National Express rejects £700m proposal from CVC consortium

The debt-laden transport company's independent board has said the revised offer undervalues the company.

CVC Capital Partners and Spain's Cosmen family have had a £696 million ($1.1 billion; €797 million) proposal to take over National Express unanimously rejected by the company's independent board.

National Express employs 43,000 workers and operates bus, coach, train, tram and airport transfer services in the UK, US and Spain. The Cosmen family is its largest shareholder, owning 18 percent of National Express.

The transport company's board said the offer of 450 pence per share, which had been revised up from 350 pence per share, was not the best option for shareholders.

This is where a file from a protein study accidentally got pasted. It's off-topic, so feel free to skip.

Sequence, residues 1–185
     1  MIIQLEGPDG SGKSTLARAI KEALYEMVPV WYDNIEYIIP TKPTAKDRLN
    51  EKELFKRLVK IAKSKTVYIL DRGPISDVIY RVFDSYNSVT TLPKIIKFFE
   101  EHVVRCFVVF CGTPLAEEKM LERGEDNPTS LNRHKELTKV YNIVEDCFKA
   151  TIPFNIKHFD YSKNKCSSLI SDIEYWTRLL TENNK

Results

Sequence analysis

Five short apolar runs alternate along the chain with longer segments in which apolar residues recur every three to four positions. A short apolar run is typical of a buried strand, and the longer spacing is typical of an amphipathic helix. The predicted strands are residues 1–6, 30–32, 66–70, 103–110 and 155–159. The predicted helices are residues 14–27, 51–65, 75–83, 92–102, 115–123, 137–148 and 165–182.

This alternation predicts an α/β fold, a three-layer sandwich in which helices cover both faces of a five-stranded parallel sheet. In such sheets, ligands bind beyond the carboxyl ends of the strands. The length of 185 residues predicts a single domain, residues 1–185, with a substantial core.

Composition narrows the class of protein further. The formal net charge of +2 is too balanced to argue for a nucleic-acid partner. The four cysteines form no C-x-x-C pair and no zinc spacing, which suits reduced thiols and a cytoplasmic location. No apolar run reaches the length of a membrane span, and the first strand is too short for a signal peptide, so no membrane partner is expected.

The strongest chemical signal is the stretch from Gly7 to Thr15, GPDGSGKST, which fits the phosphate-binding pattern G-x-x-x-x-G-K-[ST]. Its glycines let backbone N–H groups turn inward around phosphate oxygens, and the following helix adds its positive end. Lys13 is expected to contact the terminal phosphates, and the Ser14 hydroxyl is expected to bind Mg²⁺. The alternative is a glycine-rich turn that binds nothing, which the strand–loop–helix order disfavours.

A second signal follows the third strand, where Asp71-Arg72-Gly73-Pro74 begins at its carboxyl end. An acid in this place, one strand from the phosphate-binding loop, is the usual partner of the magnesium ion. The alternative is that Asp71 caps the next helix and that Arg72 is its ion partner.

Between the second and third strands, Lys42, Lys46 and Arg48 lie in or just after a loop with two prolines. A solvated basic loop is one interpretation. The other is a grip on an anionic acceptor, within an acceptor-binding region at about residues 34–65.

“We believe it fundamentally undervalues National Express and its future potential,” said the board's executive chairman, John Devaney. Refinancing its £977 million in debt and remaining an independent, listed company will create better value for shareholders, he added.

This is the third time this year that CVC has had a potential deal dissolve.

In April, the firm had agreed a £3 billion deal to purchase Barclays’ exchange traded fund (ETF) platform, iShares, but that fell through when Barclays later agreed to sell iShares’ parent unit, Barclays Global Investors, to BlackRock in a $13.5 billion transaction.

CVC had also reportedly been eyeing a £2 billon privatisation of the UK’s Royal Mail, but the UK government pulled the plug on selling a stake in the postal service. “When market conditions change, we will return to the issue,” Peter Mandelson, the UK business secretary who fought hard for privatisation, told the House of Lords.

Meanwhile, the private equity firm is also reportedly bidding on Anheuser-Busch InBev's Central and Eastern European operations; should a deal materialise it would be the firm’s first fresh acquisition since closing its €11 billion Fund V in January.